Opening T-Connection is the mid-tempo, uber funky Funkannection. It’s similar to a couple of tracks on Magic. There’s P-Funk and proto-rap influences to the track. Here, T-Connection’s rhythm section get busy. Along with chiming guitars, they produce the funkiest of licks. Theophilus’ vocal veers between proto-rap and a sultry vamp. Urgent bursts of harmonies and handclaps accompany him. As searing guitars, slap bass and keyboards provide the backdrop, to this slice of good time funky music.

Coming Back For More is the first of four tracks Theophilus T. Oakley wrote. Driven along by a bounding, bubbling bass line, funk and soul meet head on. This is what T-Connection do so well. Their rhythm section, keyboards and percussion provide a funky backdrop for Theophilus’ sultry, soulful vamp. He sings call and response. Soaring, soulful harmonies accompany him. As he struts his way through this tale of love gone wrong, you’d think he hadn’t a care in the world.

Funky Lady sees T-Connection up the ante. This track surpasses everything that’s gone before. Tough and funk, T-Connection showcase their inconsiderable skills. Referencing Parliament, Funkadelic, The Temptations and Isley Brothers a vintage slice of funk unfolds. As usual, the rhythm section are at the heart of the action. They up the funk factor to eleven. Joining them are chiming guitars, clavinet and bursts of blazing horns which punctuate the arrangement. As for Theophilus, he struts his way through the track. His vocal is feisty and sassy, as soulful, sweeping and sometimes sassy harmonies respond to his call. When all this is combined, it’s one of the funkiest ladies you’ll met.

Don’t Stop The Music picks up where Funky Lady left off. Driven along by the bass, stabs of growling horns, chiming guitars and piano provide the backdrop to Theophilus’ vocal. This is his best vocal so far. He seems to sing within himself. His vocal is heartfelt and soulful. So too are the harmonies, which are reminiscent of The Temptations. They’re smooth and soar above the arrangement. Stabs of horns, piano and the funky rhythm section join forces, bringing back memories of The Commodores, Isley Brothers and Earth Wind and Fire at their best.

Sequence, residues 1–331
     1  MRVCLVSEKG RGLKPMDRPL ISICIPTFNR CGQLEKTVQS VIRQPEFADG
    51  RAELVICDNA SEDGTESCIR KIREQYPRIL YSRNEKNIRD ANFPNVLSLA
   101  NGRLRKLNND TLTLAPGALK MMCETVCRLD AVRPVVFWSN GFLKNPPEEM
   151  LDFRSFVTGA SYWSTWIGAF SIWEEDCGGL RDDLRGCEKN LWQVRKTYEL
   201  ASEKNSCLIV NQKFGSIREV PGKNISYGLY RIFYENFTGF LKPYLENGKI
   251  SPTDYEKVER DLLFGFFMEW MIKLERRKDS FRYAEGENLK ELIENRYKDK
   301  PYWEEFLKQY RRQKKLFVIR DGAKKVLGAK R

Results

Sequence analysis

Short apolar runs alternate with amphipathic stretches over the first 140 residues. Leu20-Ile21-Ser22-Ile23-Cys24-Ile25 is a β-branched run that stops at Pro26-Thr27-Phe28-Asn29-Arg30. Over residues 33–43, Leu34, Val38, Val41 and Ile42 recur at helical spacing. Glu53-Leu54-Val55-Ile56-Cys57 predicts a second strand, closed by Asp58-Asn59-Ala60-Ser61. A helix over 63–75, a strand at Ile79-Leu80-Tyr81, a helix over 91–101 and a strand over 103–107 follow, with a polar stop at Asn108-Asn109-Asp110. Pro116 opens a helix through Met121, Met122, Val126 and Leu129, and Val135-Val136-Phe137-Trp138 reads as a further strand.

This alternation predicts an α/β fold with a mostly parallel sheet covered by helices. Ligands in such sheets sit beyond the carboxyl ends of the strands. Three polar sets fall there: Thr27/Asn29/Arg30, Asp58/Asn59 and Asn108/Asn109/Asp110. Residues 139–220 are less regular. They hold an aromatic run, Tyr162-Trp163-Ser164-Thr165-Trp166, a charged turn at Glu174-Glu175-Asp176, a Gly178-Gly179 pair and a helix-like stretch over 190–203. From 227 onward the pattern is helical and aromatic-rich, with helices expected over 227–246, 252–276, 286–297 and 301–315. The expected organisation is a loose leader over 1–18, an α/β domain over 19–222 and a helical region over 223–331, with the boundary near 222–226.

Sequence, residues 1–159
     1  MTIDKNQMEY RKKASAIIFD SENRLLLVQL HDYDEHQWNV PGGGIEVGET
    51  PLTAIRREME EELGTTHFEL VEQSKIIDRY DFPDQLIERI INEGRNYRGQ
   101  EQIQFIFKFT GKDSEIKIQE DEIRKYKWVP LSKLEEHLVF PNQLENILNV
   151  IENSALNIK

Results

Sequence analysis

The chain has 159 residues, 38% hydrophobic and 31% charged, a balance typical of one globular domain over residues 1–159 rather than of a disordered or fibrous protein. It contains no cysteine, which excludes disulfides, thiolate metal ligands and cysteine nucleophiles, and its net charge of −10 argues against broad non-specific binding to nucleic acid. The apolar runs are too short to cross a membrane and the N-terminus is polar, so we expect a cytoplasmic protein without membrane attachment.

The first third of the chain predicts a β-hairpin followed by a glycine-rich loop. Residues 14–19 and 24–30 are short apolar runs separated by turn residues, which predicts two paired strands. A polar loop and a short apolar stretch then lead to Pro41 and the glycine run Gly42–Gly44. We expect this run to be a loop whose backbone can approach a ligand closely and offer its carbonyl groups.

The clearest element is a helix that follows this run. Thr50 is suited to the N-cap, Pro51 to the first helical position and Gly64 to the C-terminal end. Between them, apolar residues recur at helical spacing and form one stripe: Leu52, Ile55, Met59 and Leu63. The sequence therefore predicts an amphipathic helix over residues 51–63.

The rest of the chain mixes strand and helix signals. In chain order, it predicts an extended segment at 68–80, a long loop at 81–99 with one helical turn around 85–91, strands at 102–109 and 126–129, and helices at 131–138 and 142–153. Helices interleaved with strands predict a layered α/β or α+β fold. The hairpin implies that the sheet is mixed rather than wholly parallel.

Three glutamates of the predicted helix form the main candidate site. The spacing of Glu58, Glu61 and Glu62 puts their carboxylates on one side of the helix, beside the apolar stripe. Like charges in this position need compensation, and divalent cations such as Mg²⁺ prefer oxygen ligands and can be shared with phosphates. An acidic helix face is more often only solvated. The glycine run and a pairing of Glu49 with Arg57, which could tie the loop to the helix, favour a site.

Saturday Night sees Kirkwood Oakley unleash a peerless slap bass solo before Chic style guitars and the lushes of disco strings sweep in. They too, have a Chic “sound.” At last, T-Connection are revisiting the disco of Magic. As Theophilus delivers a vocal that’s full of sass and bravado, a bubbling bass provides the heartbeat. Stabs of braying horns, quivering strings and bursts of harmonies accompany him. Later, cooing, oohing harmonies add an unforgettable reminder of the heady, hedonistic days of disco.

At Midnight is another slice of Disco Magic from T-Connection. It literally bursts into life. Disco strings and urgent bursts of rasping horns are joined by a pulsating, funky heartbeat. Add to that a sprinkling of percussion and Theophilus’ emotive vocal. Mixing power and passion, he vamps his way through the track. Providing a perfect foil are sweeping, soaring harmonies. They rise like a phoenix from the ashes. During a breakdown the arrangement is pared back to just the percussion and rhythm section. From there, the arrangement rebuilds. Later, the arrangement is  stripped bare again. Just the rhythm section and piano deliver a funk masterclass, before this opus heads to its dramatic crescendo.